What makes a good school? Is it the head teacher, money, facilities, uniforms, independence, a special- ism or a Norman Foster-designed building? Yes, some of those. But, crucially, it is the children who go there, their teachers and the interaction between them. Parents instinctively know this, and it is the most important criterion in school choice.
Allowing parents to choose their children's schools makes good sense, because it tends to lever up quality and standards. But, as the league tables continue to remind us, good pupils and teachers are spread very unevenly across schools. Given a choice, parents will inevitably gravitate towards the schools they perceive to be the best, requiring those schools in turn to select.
The S word carries so much baggage that politicians of whatever hue tend to shy away from it. Neither the Government in its five-year plan, nor the Conservative Party in its recent proposals, really faces up to the issue of how schools should decide between competing parents. Both suggest, rather in hope, that expansion would take care of the problem, but this will in fact just leave more empty places in the less popular schools.
Currently, admission to many schools is by covert social selection. Oversubscribed schools mainly allocate available places to siblings, and then go by distance or religion. All the criteria are open to manipulation - by schools as much as by parents, it has to be said. Parents who can afford to move closest to their chosen school stand the best chance of getting their children in. If the most successful school in a locality is a faith school, canny parents may become assiduous in their worship. Even sibling claims can be contrived, as the definition is far from exact. The net result is that the children of parents who know how to play the system are most likely to get in, and contribute to, the best schools.
This is a lot less fair than selecting on ability. When there were grammar schools across the country, social class had lost its grip on educational performance by the sixth form, and about 70 per cent of Oxbridge entries came from state schools. But the problem was always to devise equivalently attractive schools for those not picked out. The present Government is so hung up on selection by ability that it is further complicating admissions. It splits semantic hairs, so that designated technology schools are allowed to select 10 per cent of their intake on aptitude, but science or maths schools are not, as their specialisms are classed as abilities. Also, the Government has backtracked on the expansion of good schools if they are grammars.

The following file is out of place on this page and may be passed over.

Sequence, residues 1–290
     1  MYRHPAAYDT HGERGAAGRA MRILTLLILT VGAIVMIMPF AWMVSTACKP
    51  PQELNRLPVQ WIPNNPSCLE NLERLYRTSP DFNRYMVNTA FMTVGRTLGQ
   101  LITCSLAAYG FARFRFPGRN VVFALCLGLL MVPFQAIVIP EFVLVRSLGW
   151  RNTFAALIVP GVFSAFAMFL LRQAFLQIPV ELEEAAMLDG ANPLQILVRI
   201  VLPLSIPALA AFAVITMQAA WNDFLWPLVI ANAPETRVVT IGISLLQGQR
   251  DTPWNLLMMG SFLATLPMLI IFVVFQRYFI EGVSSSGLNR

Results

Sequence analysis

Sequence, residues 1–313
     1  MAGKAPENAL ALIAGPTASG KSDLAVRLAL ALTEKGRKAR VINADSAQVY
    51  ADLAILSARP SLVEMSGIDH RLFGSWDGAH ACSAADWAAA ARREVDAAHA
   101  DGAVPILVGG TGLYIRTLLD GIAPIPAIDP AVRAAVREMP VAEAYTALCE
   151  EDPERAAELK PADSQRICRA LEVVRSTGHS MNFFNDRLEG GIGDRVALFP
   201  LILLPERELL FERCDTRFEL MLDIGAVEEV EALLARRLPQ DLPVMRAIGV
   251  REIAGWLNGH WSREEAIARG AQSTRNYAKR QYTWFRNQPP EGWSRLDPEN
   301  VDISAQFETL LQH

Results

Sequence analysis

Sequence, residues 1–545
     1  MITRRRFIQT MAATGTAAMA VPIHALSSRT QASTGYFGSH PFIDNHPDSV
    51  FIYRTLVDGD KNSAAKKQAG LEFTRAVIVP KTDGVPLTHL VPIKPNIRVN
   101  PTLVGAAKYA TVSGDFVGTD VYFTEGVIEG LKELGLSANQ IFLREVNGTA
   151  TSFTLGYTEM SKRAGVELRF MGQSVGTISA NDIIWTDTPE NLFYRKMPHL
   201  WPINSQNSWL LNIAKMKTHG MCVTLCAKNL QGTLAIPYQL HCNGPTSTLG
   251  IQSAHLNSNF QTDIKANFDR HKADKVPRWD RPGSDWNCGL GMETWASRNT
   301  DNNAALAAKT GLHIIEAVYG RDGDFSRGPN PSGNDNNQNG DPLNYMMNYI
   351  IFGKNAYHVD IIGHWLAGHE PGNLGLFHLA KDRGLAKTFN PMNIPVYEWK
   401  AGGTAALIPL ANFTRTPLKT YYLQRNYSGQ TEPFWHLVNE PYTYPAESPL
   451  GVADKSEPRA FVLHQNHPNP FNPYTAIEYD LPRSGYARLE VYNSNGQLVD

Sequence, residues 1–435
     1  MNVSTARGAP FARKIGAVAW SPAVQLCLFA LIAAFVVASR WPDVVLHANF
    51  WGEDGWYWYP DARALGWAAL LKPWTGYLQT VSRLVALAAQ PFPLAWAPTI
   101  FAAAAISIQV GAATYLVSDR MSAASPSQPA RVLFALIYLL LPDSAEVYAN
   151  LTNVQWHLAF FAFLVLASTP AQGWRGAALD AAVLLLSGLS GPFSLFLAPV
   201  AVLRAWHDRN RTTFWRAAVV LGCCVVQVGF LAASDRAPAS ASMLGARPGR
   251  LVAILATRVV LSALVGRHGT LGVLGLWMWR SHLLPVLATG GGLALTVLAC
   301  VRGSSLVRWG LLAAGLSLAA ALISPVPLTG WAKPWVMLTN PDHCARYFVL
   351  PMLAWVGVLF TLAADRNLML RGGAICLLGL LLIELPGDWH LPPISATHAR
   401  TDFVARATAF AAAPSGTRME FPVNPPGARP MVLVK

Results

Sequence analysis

If social selection is now recognised for what it is, and testing for talent is frowned on, what are the other options? Well, one could be price, but this is not used even by independent schools, where selection tends to be on ability. Conceivably, selection could be first-come-first-served, but this conjures up images of parents putting down their child's name in the womb, or Wimbledon-type queues.
But there is a third way, as the Social Market Foundation and Policy Exchange think tanks - from the left and right of centre respectively - have argued: allocation by ballot. Parents, as they do now, would choose a school - but when demand exceeded availability, places would be settled by the drawing of lots.
This gets to the nub of the present weakness. Parents would no longer be able to stack the odds in their favour. All would have equal chances, including those least able to intervene. In time, there would be a more even distribution of children across schools and the genuine prospect of more good schools. It would be straightforward, and the evident fairness would make the disappointment of missing out on the first choice easier to bear.
So why have politicians, especially those avowedly committed to "the many not the few", not seized on the idea? The Government may have calculated that it needs the votes of the current winners. It also seems to be running scared of any headlines along the lines of "Schools admissions turned into a lottery". But it would be a great pity if chasing votes or possible spin got in the way of serious consideration of an approach that seeks to put equality and transparency at the heart of the school admissions process.
The writer is the director of the Centre for Education and Employment Research at the University of LiverpoolReuse content